Refreshingly Open Reporting
The Dot Winter 2007
Refreshingly Open Reporting
I wish to commend the Dot for helping to lead us out of our own cocoon as a community and explore what may well be sensitive if not difficult issues. In the spring issue, Katherine Lieberson’s article, “Sex and the Dharma,” raised the matter of potential abuses of power between older men and younger women in contemporary Shambhala retreats. Similarly, Jennifer Williams’s piece in the same issue, “The Feminine and the Masculine: Striving for Balance,” raised the issue of how to balance (or not, as her critics articulately argued on the Letters page) gender in today’s Shambhala training and texts.
You gently continued this trend with your interview with Lady Diana Mukpo in the autumn edition, asking her among other things what it was like to marry the late Chögyam Trungpa Rinpoche when she was only sixteen, and what it was like to be his spouse in an open marriage. But as courageous and mindful as the Dot’s reporting has been, your stories, when taken as a whole, also raise questions that you do not yet answer. I cannot help but wonder out loud if there is any connection between the pattern shown by Trungpa Rinpoche and Lady Diana’s marriage and today’s concerns about gender and sexual relations. On this and related matters, it seems like the Dot could help us peer beyond our cocoon even further.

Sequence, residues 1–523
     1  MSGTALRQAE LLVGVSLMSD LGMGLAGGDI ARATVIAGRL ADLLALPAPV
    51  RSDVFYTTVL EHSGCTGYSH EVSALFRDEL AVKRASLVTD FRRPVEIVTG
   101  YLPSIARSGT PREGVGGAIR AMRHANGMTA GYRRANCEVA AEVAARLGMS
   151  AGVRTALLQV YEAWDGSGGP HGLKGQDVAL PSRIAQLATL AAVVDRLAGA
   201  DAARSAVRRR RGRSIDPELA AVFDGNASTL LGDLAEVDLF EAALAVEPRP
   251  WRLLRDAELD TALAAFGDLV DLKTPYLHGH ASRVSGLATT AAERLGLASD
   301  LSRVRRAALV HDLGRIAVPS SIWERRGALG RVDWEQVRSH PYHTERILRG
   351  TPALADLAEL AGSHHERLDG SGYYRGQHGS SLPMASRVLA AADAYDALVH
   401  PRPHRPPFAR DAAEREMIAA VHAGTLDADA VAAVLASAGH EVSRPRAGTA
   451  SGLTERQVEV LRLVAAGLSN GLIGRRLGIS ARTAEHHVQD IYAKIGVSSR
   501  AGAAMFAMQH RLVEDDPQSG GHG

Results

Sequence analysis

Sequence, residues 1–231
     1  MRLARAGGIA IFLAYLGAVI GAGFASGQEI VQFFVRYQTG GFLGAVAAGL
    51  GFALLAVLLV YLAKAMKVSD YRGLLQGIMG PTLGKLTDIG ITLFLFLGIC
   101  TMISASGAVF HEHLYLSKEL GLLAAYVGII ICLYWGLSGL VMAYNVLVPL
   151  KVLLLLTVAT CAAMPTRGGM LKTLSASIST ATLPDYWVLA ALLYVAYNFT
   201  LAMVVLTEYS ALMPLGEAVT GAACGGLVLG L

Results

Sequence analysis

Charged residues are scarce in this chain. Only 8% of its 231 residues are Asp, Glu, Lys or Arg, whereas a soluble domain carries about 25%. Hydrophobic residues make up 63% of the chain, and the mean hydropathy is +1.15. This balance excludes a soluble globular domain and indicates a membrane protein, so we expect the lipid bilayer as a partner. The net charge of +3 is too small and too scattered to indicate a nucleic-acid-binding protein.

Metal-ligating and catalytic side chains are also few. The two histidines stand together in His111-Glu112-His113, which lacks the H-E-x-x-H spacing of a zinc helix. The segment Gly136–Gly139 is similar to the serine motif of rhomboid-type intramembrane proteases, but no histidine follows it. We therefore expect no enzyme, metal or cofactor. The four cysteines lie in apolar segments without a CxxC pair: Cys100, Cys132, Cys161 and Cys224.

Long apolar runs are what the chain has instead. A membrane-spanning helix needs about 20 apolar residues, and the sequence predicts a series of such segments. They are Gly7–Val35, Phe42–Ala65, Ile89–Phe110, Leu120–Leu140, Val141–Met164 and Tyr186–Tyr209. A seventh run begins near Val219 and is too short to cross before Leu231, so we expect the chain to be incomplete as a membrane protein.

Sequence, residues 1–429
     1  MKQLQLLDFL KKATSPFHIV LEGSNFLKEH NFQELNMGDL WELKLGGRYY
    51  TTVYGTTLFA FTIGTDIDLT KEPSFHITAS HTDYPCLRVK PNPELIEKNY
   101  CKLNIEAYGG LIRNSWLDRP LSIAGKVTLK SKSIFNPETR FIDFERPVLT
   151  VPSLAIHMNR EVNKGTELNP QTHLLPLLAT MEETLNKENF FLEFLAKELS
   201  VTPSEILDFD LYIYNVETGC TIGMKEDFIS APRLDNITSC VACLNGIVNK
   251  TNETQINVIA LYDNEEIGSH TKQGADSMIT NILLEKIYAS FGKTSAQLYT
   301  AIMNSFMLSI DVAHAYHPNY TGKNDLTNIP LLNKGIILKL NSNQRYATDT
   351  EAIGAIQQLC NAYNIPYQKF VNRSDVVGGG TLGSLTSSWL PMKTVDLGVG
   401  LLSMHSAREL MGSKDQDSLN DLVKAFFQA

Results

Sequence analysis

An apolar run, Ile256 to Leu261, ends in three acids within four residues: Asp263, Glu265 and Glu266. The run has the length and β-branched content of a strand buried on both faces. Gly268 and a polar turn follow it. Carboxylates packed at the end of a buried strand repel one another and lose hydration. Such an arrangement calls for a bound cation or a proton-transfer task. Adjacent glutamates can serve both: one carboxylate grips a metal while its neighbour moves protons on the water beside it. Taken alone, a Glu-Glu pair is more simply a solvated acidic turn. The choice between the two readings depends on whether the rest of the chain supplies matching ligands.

One thing I have heard from several of Trungpa Rinpoche’s former students but not yet read in places like the Dot concerns the lineage father’s relationship with alcohol. (He himself noted that it could serve as either medicine or poison.) Was his drinking a factor in his early death at only forty-seven? Does this help explain why his son, Sakyong Mipham Rinpoche, today at nearly the same age is so focused on his own physical health as much as on his own emotional and spiritual well-being? In short, are there more lessons from Chögyam Trunpga Rinpoche’s life itself to be learned?
Another story in your autumn issue, “Shambhala’s Relationship to Reggie Ray,” lightly touches upon another sensitive subject. Dr. Ray has written Shambhala Publications books dedicated to Chögyam Trungpa Rinpoche and Sakyong Mipham Rinpoche, respectively. So his split with the Shambhala community comes as something of a mystery. You report that there are “difficult, unresolved issues,” but the story explains more the consequences of those matters for Reggie Ray and his ongoing students in terms of no longer being considered part of the Shambhala community than the issues themselves that gave rise to this decision. Although, to be fair, you did quote from Dr. Ray’s Dharma Ocean website, and you did report that you tried to reach him. But he was on retreat and had not yet responded to your request for a statement. Perhaps the cocoon will crumble more in coming editions. Much like the role journalism serves in any community, the Dot serves this one through its refreshingly open reporting.
Frank Smyth Washington, D.C.